Vicki Momberg, who was caught on camera racially abusing a police officer, has been found guilty of four counts of crimen injuria. Picture: Dimpho Maja/ANA

Johannesburg - Emotional former estate agent Vicki Momberg, told the Randburg Magistrate's Court on Thursday, that she felt no words could make people accept her apology for her racist utterances.

"I'm not going to give an apology that's acceptable to everybody," she said while testifying during her pre-sentencing proceedings.

In February, Momberg, 48,was caught on camera calling a police officer the k-word while he was assisting her following a smash-and grab incident in North Riding. Momberg was seen on the video using the k-word 48 times. 

"There's no words to explain how I feel from the smash-and-grab to the incidents after, and I realise there's been people affected by it and I've tried to apologise and have many rejecting and others accepting my apology," she said. 

"It's a very humiliating and embarrassing thing that have done."

Earlier, defence attorney Michael Mokobi testified in favour of Momberg and told the court that he had known her for around 13 years and they initially met when he was interested in purchasing property in certain areas.

"We were quite close to each other. I know her so well and there were times I could call her a sister. It was no longer just a business relationship," he said while on the stand.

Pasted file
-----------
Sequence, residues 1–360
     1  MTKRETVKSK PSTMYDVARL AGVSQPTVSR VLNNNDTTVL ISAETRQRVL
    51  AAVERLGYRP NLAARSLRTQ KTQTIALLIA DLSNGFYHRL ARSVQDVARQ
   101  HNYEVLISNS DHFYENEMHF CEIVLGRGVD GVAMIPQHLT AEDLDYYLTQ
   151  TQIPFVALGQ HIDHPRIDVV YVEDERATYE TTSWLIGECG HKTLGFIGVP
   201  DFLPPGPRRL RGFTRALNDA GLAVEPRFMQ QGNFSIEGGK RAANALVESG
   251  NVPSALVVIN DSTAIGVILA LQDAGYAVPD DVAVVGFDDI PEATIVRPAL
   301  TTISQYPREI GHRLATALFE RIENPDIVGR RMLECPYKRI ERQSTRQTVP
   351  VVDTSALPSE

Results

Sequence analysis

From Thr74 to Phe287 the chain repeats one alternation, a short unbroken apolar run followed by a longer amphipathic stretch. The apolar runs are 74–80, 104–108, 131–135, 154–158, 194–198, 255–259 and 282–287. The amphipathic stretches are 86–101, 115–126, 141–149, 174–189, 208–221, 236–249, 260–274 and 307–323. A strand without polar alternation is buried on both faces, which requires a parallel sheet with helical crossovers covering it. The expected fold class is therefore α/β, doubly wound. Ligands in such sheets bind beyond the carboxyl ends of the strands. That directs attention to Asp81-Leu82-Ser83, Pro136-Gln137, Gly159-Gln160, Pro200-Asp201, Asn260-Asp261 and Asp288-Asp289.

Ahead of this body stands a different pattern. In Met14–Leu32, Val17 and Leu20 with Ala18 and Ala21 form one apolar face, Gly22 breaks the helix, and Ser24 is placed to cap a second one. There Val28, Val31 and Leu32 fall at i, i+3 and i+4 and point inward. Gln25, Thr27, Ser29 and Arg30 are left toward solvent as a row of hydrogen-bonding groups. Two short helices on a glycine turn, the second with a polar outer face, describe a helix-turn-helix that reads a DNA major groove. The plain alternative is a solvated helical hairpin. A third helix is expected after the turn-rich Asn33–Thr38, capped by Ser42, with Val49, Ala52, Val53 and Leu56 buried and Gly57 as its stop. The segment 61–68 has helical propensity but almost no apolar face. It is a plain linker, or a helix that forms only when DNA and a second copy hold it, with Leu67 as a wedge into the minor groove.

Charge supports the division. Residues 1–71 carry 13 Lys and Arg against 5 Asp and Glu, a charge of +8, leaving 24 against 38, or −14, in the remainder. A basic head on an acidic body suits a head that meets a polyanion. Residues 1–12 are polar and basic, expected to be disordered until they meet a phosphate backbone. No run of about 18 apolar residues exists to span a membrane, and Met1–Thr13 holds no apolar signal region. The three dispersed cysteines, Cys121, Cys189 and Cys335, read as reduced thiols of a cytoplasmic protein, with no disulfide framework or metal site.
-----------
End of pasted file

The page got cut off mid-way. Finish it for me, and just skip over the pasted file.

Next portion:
"I became aware of her charges through the media and when I came to the court regularly."

Mokobi said he was shocked because he knew her intimately almost as a family friend.

"She cried and we hugged when I saw her in court."

He said that he had never seen her so emotionally traumatised.

Mokobi said that there was never a time when he felt or seen racist tendencies from Momberg even when they were with other black people.

"We even shared food."

State prosecutor Yusuf Baba asked Mokobi what commission Momberg would earn from the business they had together.

Mokobi said he did not think that Momberg was "nice" to him because of the commission she was earning.

Mokobi said he did not know about Momberg's charges from 2005 when she said: "I do not want to be helped by a black person, only an Indian or Coloured".

"She did indicate that she made some calls and said something's, but that's all she said."

Baba put it to Mokobi that Momberg had told the court that she could not remember making racist utterances.

"I would feel angry if someone used it against me because it's offensive and reminds me of where we come from as a country," Mokobi said when Baba asked him how he would've felt if someone called him the k word.

Mokobi said he felt a suspended sentence was adequate for Momberg's actions.

"The Vicki Momberg I know would have not uttered such utterances. I have seen and lived with racists. She has done something wrong and it was unfortunate." 

Baba told Mokobi that Momberg saw him as a "sugar daddy" in order to earn commission from him hence she would not have shown him her "racist side".

"She saw you as a bank that's why she was nice to you," Baba said.

When proceedings began, Momberg's legal representative Advocate Joe Davidovitz withdrew from the trial and told Magistrate Pravina Raghoonandan that advocate Kevin Lawlor would be taking over the matter.

Court was adjourned to Friday.